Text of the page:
How Valueable Is Your DataIn today's world, computers are the backbone of nearly every company. When these computers fail, it's generally not long after that the business will fail. According to the National Archives & Records Administration in Washington, D.C., 93% of companies that lost their data center for 10 or more days due to a disaster filed for bankruptcy within one year. That is a staggering figure, and it really puts the value of data in perspective. Keep in mind this data doesn't necessarily have to be multi-million dollar designs, or proprietary software developments, it can be as simple as Word Documents, Email, customer databases, spreadsheets, etc. Without this information, it's hard for many businesses to survive.
If you have lost your data, the first thing you need to do is remain calm. Taking your frustration out on employees or co-workers will not help. You need to consider the actual value of the data. What was lost? How long would it take you to recreate the data? How long can your business continue without it? All of these questions and their subsequent answers help you to put a price tag on the data. What is it going to cost you if you can't get this information back?
Knowing the answers to these questions will generally help you to know how to proceed. When people lose data the first thing they try to do is make an attempt at getting it back. This may mean having your IT department work with whatever recovery tools they may have at their disposel. Unfortunately, there are very few, if any, IT technicians that are experienced with proper data recovery protocol. If the data is not that important, or it can easily be recreated, then by all means make whatever attempts are necessary. However, if the data is critical to your business, it is vitally important that you call a data recovery professional right away, even if you decide not to utilize our services here at ACS Data Recovery, make sure you contact another reputable company. In many cases, a data recovery professional is the ONLY option for getting your data back.
Here at ACS Data Recovery, we know how important the data is to each of our customers. We exhaust every possible option in order to recover your data, and we do it as safely as possible in order to not make the situation any worse than it already is. We may have to perform a head swap on a hard drive, or we may have to perform two or three of them before we finally get all the data needed. The point is, we do whatever it takes. There are many companies out there that offer rediculously cheap recovery service, but to do the work necessary it is impossible for their business model to work. Sure it's easy to get in a hard drive, run a test on it, and five minutes later say it's unrecoverable. However, in many cases the data is still perfectly recoverable, but there is no one solution that works every time in every situation.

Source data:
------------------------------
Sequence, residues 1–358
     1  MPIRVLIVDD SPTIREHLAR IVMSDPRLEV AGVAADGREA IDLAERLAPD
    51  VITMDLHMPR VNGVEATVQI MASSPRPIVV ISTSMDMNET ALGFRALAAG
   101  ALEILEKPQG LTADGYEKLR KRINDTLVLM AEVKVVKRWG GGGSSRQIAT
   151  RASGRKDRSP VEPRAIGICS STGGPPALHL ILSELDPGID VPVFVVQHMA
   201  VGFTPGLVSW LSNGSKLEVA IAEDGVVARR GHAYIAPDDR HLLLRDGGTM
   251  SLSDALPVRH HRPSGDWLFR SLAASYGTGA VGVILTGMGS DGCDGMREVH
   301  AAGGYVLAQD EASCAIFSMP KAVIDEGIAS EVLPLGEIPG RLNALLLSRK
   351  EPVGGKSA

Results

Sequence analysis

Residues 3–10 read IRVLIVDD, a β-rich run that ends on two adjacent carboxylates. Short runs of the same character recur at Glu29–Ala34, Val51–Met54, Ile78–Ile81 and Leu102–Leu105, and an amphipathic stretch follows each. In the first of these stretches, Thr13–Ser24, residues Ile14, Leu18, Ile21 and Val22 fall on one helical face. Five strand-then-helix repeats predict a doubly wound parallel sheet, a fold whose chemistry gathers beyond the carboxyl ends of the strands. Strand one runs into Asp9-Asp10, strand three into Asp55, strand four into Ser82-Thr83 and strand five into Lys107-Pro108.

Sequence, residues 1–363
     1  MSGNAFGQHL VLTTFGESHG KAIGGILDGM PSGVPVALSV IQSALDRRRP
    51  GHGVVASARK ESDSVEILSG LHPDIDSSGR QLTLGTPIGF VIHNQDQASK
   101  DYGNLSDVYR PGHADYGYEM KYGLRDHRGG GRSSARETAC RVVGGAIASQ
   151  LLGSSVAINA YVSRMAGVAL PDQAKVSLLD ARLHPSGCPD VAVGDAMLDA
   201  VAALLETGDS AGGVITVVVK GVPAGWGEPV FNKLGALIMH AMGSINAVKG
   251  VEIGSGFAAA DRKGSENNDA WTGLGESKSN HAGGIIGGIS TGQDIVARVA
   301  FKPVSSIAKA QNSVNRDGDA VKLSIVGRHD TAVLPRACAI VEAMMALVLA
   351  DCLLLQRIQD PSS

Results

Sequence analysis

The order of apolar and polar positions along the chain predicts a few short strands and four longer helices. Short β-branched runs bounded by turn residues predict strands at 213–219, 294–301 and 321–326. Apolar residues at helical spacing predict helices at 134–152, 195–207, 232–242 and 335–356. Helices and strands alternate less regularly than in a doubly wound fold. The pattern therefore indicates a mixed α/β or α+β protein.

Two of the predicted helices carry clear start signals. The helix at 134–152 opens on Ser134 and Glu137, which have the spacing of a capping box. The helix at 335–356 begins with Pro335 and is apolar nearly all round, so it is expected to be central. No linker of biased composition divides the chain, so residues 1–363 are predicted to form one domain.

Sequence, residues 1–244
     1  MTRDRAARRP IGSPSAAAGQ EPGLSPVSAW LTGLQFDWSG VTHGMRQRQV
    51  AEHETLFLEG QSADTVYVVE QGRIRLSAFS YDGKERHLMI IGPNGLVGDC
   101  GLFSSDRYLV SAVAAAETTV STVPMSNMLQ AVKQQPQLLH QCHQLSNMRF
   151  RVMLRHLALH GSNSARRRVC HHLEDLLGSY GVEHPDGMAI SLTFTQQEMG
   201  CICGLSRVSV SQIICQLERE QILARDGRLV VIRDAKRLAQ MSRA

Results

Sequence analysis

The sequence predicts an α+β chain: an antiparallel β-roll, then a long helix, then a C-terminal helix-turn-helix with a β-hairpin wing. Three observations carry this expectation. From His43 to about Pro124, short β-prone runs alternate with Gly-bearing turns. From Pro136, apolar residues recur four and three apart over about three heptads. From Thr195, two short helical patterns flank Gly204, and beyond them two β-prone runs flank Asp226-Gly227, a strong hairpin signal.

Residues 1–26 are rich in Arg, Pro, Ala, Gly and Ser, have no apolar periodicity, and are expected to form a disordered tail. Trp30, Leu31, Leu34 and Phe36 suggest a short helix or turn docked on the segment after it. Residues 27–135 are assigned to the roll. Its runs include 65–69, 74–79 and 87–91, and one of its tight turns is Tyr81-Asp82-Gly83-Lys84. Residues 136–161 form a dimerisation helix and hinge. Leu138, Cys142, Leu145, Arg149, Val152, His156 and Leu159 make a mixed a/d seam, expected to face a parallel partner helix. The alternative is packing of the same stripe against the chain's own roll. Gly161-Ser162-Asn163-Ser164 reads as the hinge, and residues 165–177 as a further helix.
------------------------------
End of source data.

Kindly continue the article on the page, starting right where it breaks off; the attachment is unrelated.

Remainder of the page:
If your data is valueable, make sure you send your crashed media to a data recovery provider who will go the extra mile for you. Check references, check out what others have to say about them online, ask questions, and make sure you feel at ease with them. If your business is down because of data loss, don't compound the problem by sending it somewhere that may not have the experience necessary to get your data back.
Backup Your Priceless MemoriesData loss can be a big problem for any business, but sometimes it's an even bigger issue for home users. Think about all the family pictures you keep stored on your computer, the e-mails between family and friends, the home videos, etc. In today's world, most home computers contain data that you simply cannot put a price on.
Just for a moment, while you're sitting there reading this, think about what's on your computer. Maybe you have digital pictures celebrating the birth of your baby girl, or maybe it's a graduation video. I'm asking you..no, I'm begging you..if you have anything like that on your system and it's not backed up, back it up today!
Data recovery companies can help you, but the costs can be high, and in some cases the data is simply unrecoverable. Last year we received a case that really hit home with how important it is to back up personal data.
A gentleman sent his crashed drive in for recovery, and over the phone, the symptoms he was describing didn't sound good at all. The drive had been making some unusual noises, wouldn't spin up properly, and was not seen by the system BIOS. This is usually indicative of a major mechanical issue with the drive.
The man said he would pay anything...anything at all...no matter how big the cost, to recover the data on that hard drive. Obviously very emotional, he then informed the tech that the drive had pictures of his daughter who had been killed recently, and he had no backup of them. It was probably one of the most heartbreaking moments imaginable. This was not someone's Quickbooks file, or a years worth of spreadsheet data, this was someone's life. This was one of the few things this man had to remember his daughter. You simply cannot put a price on something like that.
After much work, we were able to get a good image of the drive and eventually got to the point where a recovery of the data could be made. Everyone had their fingers crossed, hoping beyond hope that they had been able to make it work. You can imagine the excitement as a search for images from the recovered data was performed and thousands of pictures of this man's daughter were found. It was an unbelievable moment, and his reaction was beyond words.
While this particular case had a happy ending, 2 or 3 out of every 10 cases won't be so happy. It's just a fact within the industry that around 20-30% of the hard drives received will not be recoverable, either due to excessive platter damage or severe data corruption. Why even take the chance?